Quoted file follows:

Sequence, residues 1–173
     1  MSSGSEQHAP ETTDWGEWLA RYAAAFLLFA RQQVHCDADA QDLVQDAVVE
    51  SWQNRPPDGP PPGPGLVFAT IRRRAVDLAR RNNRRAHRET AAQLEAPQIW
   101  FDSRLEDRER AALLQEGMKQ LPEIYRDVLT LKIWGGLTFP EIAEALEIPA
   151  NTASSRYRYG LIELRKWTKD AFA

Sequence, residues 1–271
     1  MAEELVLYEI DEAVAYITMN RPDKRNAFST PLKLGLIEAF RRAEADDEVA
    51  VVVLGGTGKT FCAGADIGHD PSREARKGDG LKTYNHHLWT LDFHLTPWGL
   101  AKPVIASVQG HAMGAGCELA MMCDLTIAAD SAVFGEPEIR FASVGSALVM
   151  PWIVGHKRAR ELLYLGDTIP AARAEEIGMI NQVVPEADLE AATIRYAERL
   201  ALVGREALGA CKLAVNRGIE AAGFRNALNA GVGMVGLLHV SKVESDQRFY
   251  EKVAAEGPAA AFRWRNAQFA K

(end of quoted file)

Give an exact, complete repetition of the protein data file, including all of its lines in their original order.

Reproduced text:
Sequence, residues 1–173
     1  MSSGSEQHAP ETTDWGEWLA RYAAAFLLFA RQQVHCDADA QDLVQDAVVE
    51  SWQNRPPDGP PPGPGLVFAT IRRRAVDLAR RNNRRAHRET AAQLEAPQIW
   101  FDSRLEDRER AALLQEGMKQ LPEIYRDVLT LKIWGGLTFP EIAEALEIPA
   151  NTASSRYRYG LIELRKWTKD AFA

Sequence, residues 1–271
     1  MAEELVLYEI DEAVAYITMN RPDKRNAFST PLKLGLIEAF RRAEADDEVA
    51  VVVLGGTGKT FCAGADIGHD PSREARKGDG LKTYNHHLWT LDFHLTPWGL
   101  AKPVIASVQG HAMGAGCELA MMCDLTIAAD SAVFGEPEIR FASVGSALVM
   151  PWIVGHKRAR ELLYLGDTIP AARAEEIGMI NQVVPEADLE AATIRYAERL
   201  ALVGREALGA CKLAVNRGIE AAGFRNALNA GVGMVGLLHV SKVESDQRFY
   251  EKVAAEGPAA AFRWRNAQFA K